Articles Posted in Tampa Bay Medical Malpractice Attorney

A widow, as representative of her deceased husband, is suing St. Petersburg medical providers, alleging wrongful death.

The woman filed a complaint Nov. 6 in Pinellas Circuit Court against St. Anthony’s Hospital, alleging the medical providers failed to exercise standard medical care and skill.

According to the complaint, on Jan. 15, the woman’s husband was transported to the emergency department of St. Anthony’s Hospital after an attempted suicide. The suit says he was not considered a danger to himself and was released. The lawsuit states the man died Jan. 18 by jumping off the Sunshine Skyway Bridge.

The lawsuit states woman was caused to suffer hospitalization and/or funeral expenses, loss of support and services, loss of companionship and protection, mental pain and suffering, as a result of the negligent medical and psychiatric care and treatment of the decedent.

The suit says the hospital inappropriately recommended discharge of the man, resulting in the wrongful death.

The woman alleges the hospital failed to timely and appropriately appreciate the severity of the man’s psychiatric condition and mental instability, and failed to timely and appropriately perform a suicide risk assessment.

Hospitals are supposed to be places that heal and protect our loved ones. That is why it’s so tragic when we lose family members to medical malpractice.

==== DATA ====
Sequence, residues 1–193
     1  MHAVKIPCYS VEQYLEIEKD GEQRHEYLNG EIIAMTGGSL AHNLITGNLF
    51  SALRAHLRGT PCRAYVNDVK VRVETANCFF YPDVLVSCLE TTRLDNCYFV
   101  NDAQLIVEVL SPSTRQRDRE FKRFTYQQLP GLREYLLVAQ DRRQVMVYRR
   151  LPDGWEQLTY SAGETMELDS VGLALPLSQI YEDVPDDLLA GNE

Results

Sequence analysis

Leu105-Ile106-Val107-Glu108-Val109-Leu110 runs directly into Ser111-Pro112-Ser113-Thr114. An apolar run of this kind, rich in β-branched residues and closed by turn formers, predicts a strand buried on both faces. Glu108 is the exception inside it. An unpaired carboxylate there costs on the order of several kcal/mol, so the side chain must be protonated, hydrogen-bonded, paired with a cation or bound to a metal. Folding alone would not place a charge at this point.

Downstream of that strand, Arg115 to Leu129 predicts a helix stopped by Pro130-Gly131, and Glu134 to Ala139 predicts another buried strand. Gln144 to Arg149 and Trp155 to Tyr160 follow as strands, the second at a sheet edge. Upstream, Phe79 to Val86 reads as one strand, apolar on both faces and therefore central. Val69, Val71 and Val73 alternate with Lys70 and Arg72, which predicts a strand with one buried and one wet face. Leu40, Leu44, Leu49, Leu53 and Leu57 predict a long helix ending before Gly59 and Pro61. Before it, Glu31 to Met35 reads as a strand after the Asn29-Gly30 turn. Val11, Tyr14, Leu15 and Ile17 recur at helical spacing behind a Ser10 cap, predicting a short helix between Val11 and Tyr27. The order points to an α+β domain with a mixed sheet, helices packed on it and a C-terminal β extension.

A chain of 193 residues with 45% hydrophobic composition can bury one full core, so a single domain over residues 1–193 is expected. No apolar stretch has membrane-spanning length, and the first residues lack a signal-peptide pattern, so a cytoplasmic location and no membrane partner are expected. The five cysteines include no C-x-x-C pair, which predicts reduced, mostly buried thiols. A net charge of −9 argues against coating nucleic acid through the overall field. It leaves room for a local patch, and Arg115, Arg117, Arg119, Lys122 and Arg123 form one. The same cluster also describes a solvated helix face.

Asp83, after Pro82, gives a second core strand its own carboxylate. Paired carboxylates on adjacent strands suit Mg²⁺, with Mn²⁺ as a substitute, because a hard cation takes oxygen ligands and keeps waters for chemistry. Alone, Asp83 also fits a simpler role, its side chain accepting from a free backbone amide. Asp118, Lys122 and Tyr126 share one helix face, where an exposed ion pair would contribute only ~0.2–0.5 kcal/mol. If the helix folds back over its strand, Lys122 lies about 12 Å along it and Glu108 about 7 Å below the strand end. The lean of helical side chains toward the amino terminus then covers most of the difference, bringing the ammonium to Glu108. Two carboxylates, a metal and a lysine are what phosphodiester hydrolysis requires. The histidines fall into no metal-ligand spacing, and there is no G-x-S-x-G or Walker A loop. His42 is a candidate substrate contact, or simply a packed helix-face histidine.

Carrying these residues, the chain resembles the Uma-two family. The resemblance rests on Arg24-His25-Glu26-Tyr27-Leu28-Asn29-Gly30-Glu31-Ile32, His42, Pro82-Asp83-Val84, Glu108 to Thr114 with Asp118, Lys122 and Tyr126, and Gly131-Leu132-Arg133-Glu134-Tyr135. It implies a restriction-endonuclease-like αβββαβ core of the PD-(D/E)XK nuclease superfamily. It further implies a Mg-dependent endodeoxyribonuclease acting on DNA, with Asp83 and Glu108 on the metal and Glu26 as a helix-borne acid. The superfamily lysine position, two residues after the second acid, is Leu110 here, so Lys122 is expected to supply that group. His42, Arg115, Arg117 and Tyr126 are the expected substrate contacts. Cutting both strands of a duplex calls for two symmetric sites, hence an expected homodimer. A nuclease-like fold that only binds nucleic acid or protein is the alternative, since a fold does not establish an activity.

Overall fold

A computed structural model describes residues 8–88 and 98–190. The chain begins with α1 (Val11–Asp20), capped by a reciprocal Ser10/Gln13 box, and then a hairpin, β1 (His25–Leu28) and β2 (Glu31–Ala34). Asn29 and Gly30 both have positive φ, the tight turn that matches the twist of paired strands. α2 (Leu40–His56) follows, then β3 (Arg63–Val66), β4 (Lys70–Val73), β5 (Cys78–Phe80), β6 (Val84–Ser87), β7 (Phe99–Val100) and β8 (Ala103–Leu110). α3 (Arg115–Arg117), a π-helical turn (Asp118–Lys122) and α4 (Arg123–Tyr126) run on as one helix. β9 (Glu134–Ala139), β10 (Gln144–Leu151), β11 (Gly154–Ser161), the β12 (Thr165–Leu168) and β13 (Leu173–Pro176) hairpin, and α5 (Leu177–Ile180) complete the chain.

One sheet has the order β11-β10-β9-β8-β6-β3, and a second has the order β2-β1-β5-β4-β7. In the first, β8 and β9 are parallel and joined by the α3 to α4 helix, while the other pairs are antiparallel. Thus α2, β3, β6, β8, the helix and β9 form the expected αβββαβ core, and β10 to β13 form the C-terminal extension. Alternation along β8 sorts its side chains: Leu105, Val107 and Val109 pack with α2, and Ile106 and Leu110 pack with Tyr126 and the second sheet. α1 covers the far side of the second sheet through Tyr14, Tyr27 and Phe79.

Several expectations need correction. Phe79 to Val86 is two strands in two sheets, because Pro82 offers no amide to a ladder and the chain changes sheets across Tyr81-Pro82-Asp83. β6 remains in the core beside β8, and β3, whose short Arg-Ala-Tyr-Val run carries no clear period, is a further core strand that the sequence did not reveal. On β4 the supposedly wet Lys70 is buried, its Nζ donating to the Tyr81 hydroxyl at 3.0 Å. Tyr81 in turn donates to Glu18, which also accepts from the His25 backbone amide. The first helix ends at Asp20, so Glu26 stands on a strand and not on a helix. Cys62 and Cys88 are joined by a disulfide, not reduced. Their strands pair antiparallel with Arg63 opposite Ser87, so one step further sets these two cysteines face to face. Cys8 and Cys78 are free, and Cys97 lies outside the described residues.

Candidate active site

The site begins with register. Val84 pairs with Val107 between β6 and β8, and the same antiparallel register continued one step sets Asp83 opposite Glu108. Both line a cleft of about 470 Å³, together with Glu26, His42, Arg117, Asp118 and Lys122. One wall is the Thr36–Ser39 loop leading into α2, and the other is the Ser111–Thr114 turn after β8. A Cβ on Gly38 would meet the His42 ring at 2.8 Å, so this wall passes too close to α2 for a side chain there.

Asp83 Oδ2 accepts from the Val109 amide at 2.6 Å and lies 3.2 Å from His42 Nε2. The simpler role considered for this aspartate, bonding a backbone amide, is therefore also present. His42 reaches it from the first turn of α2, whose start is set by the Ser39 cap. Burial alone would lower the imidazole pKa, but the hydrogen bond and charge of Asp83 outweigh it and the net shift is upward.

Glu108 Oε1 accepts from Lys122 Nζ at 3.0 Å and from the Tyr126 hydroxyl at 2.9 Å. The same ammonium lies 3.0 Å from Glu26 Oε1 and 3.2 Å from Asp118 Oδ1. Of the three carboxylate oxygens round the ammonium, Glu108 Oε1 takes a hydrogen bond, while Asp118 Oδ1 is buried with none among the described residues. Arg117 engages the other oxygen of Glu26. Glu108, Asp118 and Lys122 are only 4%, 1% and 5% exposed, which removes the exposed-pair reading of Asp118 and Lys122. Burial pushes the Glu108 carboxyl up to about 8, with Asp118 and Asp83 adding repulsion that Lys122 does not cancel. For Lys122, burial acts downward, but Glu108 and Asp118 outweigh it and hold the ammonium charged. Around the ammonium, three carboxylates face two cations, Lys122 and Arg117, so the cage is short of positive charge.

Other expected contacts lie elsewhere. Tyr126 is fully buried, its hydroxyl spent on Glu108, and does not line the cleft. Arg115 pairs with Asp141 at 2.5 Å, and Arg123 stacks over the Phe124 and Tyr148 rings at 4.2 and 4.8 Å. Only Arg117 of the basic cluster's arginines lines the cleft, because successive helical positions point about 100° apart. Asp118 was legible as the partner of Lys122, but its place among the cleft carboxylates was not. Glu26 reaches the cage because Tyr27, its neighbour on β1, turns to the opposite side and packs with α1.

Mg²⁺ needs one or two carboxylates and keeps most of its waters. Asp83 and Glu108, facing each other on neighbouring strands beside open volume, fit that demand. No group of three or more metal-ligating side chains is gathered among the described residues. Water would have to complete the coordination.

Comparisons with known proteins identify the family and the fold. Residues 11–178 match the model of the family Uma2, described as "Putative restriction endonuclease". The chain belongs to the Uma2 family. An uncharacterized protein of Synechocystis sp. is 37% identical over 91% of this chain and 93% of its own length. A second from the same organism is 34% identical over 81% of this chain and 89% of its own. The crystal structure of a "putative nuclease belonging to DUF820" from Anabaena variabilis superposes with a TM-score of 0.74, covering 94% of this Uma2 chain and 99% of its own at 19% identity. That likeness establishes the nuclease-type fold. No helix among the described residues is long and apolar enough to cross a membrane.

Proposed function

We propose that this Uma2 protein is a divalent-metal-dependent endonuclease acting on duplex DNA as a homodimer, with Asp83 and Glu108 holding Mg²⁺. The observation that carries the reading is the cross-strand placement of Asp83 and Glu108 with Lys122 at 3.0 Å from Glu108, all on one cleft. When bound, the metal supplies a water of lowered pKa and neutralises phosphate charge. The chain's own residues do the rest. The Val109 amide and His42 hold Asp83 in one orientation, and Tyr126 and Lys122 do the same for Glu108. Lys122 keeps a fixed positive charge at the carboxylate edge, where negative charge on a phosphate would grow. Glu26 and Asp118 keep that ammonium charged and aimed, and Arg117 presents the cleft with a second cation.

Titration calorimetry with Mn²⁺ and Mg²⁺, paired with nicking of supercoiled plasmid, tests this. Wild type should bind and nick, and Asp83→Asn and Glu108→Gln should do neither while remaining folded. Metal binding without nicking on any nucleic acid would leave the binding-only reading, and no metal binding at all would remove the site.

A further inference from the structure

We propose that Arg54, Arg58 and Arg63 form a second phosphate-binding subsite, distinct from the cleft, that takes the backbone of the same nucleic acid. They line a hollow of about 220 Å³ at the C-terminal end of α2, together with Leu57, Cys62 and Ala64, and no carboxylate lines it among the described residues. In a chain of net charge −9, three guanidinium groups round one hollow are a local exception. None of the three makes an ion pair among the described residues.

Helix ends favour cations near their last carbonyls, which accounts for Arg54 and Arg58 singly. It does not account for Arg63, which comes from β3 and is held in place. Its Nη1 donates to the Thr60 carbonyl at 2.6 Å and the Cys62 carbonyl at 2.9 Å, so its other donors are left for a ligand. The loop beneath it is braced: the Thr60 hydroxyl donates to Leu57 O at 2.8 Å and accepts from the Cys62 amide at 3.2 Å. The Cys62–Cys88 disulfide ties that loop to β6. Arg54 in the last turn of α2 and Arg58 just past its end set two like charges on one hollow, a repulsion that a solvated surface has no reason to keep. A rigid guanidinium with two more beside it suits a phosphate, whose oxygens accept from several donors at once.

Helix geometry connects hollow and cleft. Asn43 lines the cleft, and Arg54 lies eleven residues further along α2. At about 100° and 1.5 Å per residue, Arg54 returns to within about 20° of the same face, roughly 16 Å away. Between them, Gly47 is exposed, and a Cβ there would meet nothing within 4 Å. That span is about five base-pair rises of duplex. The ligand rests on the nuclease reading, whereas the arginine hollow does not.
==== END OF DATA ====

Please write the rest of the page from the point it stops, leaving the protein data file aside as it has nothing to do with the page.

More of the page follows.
Filing a wrongful death lawsuit against a hospital can be a difficult thing, because of the fact that hospitals have a whole legal department dedicated to getting both doctors and hospitals out of situations in which they are liable. If you’ve lost somebody close to you due to a preventable medical error, you know that even that one mistake is one too many. As the surviving relative of a medical malpractice victim, you may be wondering what your legal rights are in Florida. A wrongful death lawsuit to recover monetary damages may be an option. Florida has specific laws that say who can file a wrongful death claim, as well as what types of damages may be available.

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There are certain mistakes that should never be made by doctors during your surgery. However, preventable mistakes, such as leaving behind operating tools in your body, are actually more common than you may think. In fact, these mistakes recognized as “never events” in the medical community because there is no legitimate reason they should ever happen, occur at high rates and cost the healthcare system millions of dollars every year.

A recent study by Johns Hopkins University indicates that these surgical mistakes known as “never events” occur at an alarming rate of about 10 per week.

ABC News indicates that the study used data from the National Practitioner Data Bank and found that nearly 10,000 of these mistakes were reported over the last 20 years. This adds up to an average of 500 preventable mistakes per year.

freeimage-6865009.jpgAnd these incidents do not just entail leaving behind sponges or scissors inside patients bodies once they are sewn up. Surgical mistakes can also include:

• Performing a Surgical Procedure on the Wrong Patient
• Performing the Wrong Surgery on a Patient
• Operating on the Wrong Body Part
When these kinds of mistakes happen, they often lead to medical malpractice claims. In order for a medical malpractice suit to be successful, it must be shown that a doctor or other health care provider used unacceptable standards of care when treating a patient, and as a result, caused their patient injury or harm. In the case of surgical “never events,” a doctor can be liable for their actions.

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